Boston Artists Honor Texas Shooting Victims at Copley Square Event

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The Artists for Revolution Initiative, also known as AIR Boston, created a ring of backpacks filled with flowers brought in by the local community.

Members of the public bring flowers to put in backpacks representing every life lost in the Texas elementary school shooting. Gwen Egan/Boston.com

2,123 miles from the tragic elementary school shooting in Uvalde, Texas, a group of Boston artists and activists created a space for “healing and commemoration, but also a celebration of life,” according to organizers.

The Artists for Revolution Initiative, also known as Air Boston, took to social media to host an event honoring the 19 children and two adults who lost their lives at Robb Elementary School this week.

The group took to social media to rally support for the event, posting images of flyers, TikTok videos, and an image containing 19 backpacks drawn along with the words, “Who can grow up in America?”

The event took place in Copley Square on Thursday and started around 5:00 pm, and people quickly gathered in the area. Standing outside the historic Trinity Rectory was a semicircle of open backpacks, a microphone and speakers for local bands, and a box of chalk.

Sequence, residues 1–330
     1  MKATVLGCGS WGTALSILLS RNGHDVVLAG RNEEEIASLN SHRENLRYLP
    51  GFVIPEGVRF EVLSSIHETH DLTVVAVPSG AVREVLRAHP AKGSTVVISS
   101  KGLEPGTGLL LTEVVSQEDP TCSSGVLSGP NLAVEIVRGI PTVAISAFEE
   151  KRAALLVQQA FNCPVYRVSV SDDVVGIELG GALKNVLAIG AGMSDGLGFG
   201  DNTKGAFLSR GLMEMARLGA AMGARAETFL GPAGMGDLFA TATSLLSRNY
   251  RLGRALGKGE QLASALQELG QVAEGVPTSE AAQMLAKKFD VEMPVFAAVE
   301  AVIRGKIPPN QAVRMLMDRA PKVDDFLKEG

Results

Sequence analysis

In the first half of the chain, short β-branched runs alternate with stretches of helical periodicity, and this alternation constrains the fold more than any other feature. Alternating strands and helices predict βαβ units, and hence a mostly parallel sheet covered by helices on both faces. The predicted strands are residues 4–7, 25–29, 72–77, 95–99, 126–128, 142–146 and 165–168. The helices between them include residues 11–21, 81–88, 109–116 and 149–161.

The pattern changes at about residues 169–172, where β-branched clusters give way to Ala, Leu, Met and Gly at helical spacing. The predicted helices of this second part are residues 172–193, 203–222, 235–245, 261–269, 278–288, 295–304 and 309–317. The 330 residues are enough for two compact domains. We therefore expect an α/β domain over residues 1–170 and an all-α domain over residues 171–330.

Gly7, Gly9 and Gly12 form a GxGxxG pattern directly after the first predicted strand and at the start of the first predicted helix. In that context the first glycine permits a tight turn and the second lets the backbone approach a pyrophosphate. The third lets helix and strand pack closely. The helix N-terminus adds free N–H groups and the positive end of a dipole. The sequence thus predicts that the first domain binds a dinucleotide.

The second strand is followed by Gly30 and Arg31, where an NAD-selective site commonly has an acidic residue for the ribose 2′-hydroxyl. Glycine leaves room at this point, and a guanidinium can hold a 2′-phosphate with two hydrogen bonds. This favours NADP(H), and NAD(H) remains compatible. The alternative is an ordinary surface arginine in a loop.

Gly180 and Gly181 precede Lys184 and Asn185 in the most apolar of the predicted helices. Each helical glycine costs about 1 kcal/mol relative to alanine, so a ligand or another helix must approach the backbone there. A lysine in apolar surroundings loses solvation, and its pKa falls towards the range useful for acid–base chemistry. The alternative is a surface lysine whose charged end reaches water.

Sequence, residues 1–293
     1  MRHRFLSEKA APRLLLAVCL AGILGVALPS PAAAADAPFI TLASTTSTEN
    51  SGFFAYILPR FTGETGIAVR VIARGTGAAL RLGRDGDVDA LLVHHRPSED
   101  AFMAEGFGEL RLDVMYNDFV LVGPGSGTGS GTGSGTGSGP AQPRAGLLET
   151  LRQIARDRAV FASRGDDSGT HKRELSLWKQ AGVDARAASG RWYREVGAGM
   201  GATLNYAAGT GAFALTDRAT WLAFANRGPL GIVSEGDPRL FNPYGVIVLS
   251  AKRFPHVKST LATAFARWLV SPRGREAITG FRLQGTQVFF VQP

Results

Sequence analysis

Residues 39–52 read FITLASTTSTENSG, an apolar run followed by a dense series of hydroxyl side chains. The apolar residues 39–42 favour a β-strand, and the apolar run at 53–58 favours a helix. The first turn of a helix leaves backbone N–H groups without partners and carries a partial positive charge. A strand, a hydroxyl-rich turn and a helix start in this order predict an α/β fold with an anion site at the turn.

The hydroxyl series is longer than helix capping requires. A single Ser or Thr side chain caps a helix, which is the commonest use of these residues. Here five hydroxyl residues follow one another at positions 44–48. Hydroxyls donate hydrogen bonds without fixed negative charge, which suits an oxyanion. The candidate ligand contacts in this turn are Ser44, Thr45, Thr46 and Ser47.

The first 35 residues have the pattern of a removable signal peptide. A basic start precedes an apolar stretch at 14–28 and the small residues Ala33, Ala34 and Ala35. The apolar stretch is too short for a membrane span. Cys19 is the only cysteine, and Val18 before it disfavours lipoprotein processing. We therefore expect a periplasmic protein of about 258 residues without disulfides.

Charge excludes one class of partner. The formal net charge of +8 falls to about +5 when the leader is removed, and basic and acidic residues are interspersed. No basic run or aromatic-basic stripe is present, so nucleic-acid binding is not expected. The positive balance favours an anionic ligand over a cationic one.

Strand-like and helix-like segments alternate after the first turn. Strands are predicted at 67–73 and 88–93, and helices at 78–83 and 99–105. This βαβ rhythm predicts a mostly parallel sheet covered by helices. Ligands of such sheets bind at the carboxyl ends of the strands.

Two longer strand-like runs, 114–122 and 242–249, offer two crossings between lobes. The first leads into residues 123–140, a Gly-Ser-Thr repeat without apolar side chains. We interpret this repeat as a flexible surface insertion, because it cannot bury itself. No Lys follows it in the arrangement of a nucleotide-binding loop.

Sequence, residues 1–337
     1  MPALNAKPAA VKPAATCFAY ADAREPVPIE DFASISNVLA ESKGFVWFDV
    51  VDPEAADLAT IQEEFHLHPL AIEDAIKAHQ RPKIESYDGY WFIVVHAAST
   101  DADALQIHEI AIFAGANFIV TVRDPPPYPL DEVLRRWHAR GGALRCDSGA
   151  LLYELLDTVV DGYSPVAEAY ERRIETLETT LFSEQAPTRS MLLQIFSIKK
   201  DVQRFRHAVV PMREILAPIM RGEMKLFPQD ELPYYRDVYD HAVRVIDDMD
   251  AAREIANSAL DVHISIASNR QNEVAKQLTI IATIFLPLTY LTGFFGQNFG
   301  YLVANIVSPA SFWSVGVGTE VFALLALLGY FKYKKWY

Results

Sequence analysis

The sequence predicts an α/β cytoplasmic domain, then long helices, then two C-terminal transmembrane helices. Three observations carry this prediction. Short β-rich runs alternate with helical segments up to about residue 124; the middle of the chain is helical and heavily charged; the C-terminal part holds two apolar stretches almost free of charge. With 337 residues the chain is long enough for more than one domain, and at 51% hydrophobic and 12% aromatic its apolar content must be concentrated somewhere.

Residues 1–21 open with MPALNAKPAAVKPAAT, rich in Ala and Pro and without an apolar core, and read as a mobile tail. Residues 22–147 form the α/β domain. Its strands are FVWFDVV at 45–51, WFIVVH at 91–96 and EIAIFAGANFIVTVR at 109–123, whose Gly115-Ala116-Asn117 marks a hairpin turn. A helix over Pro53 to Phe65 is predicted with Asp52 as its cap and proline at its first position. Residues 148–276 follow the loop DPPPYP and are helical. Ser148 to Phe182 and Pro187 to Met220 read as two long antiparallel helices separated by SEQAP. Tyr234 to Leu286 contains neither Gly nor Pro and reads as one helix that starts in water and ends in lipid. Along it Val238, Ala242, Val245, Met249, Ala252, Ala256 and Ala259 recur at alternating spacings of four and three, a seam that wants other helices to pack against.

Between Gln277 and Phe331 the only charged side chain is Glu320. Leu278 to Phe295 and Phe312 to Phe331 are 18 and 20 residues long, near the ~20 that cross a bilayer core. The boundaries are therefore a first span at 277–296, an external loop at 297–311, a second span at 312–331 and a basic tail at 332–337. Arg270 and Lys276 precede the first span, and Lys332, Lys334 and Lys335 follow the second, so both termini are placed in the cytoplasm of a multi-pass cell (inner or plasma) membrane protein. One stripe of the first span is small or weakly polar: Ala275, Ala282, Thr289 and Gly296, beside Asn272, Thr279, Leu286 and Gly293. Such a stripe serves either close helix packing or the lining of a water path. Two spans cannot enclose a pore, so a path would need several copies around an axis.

“We are creating a space for healing, as well as for commemoration, but also for the celebration of life. And to hopefully build a piece of art and more community in Boston around social justice and social change,” said organizer and artist, Ameya Okamoto.

Two people leaning against Trinity Rectory. Gwen Egan/Boston.com

As people crowded around the backpacks, some offered flowers, some wrote in chalk on the ground, and others simply stood silent.

Groups of people interact with the event organized by the Artist Initiative for Revolution. Gwen Egan/Boston.com

“We are here for humanity,” said organizer Danny Rivera Jr. “If we can mobilize our humanity, I think we can see change across the country.”

Danny Rivera speaking to the crowd at the Copley Square memorial event on May 26, 2022. Gwen Egan/Boston.com

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